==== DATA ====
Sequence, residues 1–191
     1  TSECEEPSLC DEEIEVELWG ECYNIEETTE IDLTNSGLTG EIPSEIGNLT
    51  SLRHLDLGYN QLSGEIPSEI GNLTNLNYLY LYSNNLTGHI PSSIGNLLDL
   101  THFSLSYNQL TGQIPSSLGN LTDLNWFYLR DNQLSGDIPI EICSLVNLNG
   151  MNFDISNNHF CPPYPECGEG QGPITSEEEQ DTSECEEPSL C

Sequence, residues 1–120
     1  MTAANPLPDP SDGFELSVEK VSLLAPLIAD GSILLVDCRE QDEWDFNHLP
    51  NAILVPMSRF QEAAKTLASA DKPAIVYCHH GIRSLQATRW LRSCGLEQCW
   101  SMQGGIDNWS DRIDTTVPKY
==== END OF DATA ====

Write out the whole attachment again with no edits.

Sequence, residues 1–191
     1  TSECEEPSLC DEEIEVELWG ECYNIEETTE IDLTNSGLTG EIPSEIGNLT
    51  SLRHLDLGYN QLSGEIPSEI GNLTNLNYLY LYSNNLTGHI PSSIGNLLDL
   101  THFSLSYNQL TGQIPSSLGN LTDLNWFYLR DNQLSGDIPI EICSLVNLNG
   151  MNFDISNNHF CPPYPECGEG QGPITSEEEQ DTSECEEPSL C

Sequence, residues 1–120
     1  MTAANPLPDP SDGFELSVEK VSLLAPLIAD GSILLVDCRE QDEWDFNHLP
    51  NAILVPMSRF QEAAKTLASA DKPAIVYCHH GIRSLQATRW LRSCGLEQCW
   101  SMQGGIDNWS DRIDTTVPKY